Applying the Smith System for defensive driving to everyday life
October 1, 2012
Sometimes you just need to step back and view the world through a different lens. I was reading over The Smith System for defensive driving and started thinking about how we can apply those proper visual habits to the issues we face in our...
Sometimes you just need to step back and view the world through a different lens. I was reading over The Smith System for defensive driving and started thinking about how we can apply those proper visual habits to the issues we face in our professional and personal lives just as easily as we can apply them to our physical world.
The first seeing habit we develop is to ‘Aim High in Steering.’ As professional drivers we know that by looking at least 15 seconds ahead, we allow ourselves the reaction time we need to adjust for the changes ahead.
So I asked myself how often do I look 15 years down the road at my own life and the industry I work within? The answer was not often enough.
The second seeing habit is to ‘Get the Big Picture.’ As professional drivers we depend on our peripheral vision to detect movement, which we then investigate with our central vision and react to appropriately.
There are hundreds of issues we face every day affecting the path our lives may take and I had to ask myself if I was getting the big picture here? Am I just letting current events carry me along without even noticing their effect on my daily life?
The third seeing habit is to ‘Keep Your Eyes Moving.’ If we develop a fixed stare while driving, it is sure to get us into trouble.
We need to keep scanning and picking up on all that movement fed to us by our peripheral vision.
Do we do the same thing in our personal and professional lives? Think of the fixed stare we have developed around issues such as hours-of-service, electronic on-board recorders and speed limiters.
I started making these comparisons because I had just watched Sebastian Thrun’s Ted Talk on Google’s driverless car. It’s a short video, just go to YouTube and search Sebastian Thrun. It’s fascinating stuff and it put me on to a lot of different reading material regarding technology, transportation infrastructure and where we may be headed over the next couple of decades.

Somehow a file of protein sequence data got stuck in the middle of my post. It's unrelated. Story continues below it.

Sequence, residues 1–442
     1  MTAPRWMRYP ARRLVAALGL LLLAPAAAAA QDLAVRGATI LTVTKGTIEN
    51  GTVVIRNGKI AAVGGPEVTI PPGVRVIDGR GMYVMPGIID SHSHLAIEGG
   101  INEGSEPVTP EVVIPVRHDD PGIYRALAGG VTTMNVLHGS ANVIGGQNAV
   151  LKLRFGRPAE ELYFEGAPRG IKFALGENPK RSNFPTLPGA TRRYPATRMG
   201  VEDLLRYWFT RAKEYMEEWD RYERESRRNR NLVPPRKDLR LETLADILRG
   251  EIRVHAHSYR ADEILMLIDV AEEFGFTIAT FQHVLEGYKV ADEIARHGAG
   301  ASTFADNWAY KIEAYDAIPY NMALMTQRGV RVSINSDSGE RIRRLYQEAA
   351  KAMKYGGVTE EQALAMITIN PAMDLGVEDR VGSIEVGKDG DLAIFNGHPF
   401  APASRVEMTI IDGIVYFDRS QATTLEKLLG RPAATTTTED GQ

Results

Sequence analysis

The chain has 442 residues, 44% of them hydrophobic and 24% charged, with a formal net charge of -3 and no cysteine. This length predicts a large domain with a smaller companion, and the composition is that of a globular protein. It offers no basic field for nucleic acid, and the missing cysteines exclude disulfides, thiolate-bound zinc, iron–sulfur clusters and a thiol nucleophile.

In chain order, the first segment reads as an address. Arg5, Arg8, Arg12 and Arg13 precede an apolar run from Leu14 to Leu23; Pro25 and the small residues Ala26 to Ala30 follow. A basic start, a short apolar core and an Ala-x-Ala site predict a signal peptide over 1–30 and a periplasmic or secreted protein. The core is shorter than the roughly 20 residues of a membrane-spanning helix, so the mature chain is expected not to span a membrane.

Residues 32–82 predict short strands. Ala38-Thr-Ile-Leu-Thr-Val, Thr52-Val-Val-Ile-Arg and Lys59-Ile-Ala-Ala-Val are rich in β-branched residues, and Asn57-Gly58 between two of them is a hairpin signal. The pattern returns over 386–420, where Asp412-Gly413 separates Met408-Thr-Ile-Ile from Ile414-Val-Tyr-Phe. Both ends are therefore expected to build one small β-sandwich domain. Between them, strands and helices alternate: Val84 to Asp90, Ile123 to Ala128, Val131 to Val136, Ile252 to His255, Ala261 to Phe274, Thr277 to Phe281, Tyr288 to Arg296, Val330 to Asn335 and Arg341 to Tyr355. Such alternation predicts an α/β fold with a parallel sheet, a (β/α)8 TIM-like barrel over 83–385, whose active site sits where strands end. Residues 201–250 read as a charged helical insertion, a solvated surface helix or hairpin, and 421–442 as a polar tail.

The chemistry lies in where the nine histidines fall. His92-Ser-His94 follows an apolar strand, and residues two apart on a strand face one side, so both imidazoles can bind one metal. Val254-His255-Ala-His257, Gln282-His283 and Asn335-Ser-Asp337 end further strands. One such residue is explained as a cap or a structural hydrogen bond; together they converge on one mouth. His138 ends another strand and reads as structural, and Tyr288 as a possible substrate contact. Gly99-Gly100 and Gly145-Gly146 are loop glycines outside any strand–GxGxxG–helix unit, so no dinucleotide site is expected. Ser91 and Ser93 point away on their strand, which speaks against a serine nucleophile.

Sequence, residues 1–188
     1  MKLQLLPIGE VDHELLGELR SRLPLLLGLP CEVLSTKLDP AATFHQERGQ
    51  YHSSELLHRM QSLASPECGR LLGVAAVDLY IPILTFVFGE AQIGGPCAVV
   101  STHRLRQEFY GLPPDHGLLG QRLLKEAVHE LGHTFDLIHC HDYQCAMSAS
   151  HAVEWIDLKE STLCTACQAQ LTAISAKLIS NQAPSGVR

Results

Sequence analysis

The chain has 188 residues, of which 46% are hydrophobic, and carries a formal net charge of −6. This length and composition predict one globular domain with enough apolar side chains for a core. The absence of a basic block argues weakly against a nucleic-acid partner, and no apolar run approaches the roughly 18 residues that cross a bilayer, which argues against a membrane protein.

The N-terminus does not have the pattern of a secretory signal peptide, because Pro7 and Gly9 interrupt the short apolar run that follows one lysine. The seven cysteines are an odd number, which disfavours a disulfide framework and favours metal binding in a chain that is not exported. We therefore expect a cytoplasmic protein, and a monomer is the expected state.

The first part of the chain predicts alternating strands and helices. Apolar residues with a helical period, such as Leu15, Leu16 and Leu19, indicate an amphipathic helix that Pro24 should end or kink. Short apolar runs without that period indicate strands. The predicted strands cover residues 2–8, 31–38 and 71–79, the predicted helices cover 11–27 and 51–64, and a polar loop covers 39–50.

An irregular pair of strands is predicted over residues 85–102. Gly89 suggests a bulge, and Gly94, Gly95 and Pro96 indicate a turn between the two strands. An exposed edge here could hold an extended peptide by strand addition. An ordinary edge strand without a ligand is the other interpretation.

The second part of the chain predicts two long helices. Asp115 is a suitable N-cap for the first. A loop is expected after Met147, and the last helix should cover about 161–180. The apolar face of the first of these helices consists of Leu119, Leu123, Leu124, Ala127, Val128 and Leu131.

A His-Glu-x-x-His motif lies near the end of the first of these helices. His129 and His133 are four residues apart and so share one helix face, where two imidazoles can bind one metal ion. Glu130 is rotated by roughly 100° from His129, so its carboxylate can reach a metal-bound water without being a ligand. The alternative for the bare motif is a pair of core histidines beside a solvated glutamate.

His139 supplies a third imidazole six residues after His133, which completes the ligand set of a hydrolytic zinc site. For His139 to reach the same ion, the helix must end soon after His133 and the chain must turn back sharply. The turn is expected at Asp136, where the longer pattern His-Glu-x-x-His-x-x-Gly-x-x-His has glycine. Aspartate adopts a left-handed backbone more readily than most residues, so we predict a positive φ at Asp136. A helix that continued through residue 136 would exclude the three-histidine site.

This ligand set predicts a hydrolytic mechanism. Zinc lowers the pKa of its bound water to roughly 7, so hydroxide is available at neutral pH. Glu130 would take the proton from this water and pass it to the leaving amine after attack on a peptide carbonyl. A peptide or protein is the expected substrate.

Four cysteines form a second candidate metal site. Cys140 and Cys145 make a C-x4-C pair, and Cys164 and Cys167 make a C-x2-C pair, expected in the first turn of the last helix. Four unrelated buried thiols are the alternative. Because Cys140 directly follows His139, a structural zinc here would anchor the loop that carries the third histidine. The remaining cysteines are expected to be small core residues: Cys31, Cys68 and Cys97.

So you may be thinking, ‘Come on Al, you don’t honestly believe that trucks will be moving freight down the road without a driver behind the wheel, do you?’ Call me crazy, but yes, that’s exactly what I’m proposing.
It’s not going to happen for some time, but we already see signs of automation moving in that direction.
Anti-rollover technology and advances in braking systems are one of the first steps, parking assist that allows a car to park itself is becoming all the rage with auto manufacturers.
The agriculture industry has been rolling out automated sprayers and combines that use GPS to map a field and then complete the job without further input from the operator.
Pretty cool stuff, all of it. The potential benefits are huge and that in itself will continue to drive innovation and implementation of this type of technology. Watch Thrun’s video and apply some of his observations about this technology to the trucking industry and you’ll see what I mean. So that brings me to the last two steps of the Smith System.
The fourth seeing habit is ‘Leave Yourself an Out.’ Or, protect yourself from being trapped by errors of other people. If you don’t practice the first three seeing habits diligently you will always find yourself boxed in, putting you in a situation that leaves you dependent on the actions and reactions of others.
The fifth seeing habit is ‘Make Sure They See You.’ If the people around you are not practicing those first three seeing habits you can wake them up by making sure they know you are close by and aware of what is happening around you.
As drivers we do this by flashing lights, blowing the horn, or making eye contact. In our daily lives we do the same thing by networking, Tweeting, posting messages on Facebook, blogging, writing letters to the editor, voting, lobbying, joining business groups, etc.
I can’t help but think that we have developed a fixed stare surrounding the hours-of-service issue and its close cousin the electronic on-board recorder. These issues are in our immediate field of vision, just a few feet in front of us.
That fixed stare is preventing us from seeing the issues further down the road that require our attention now so that we have time to react accordingly. We’re not getting the big picture. We are being reactive and not proactive. That is affecting our daily lives in the present moment and we are feeling the anxiety.
These five simple seeing habits are a great way to view the world we live in as well as the road ahead.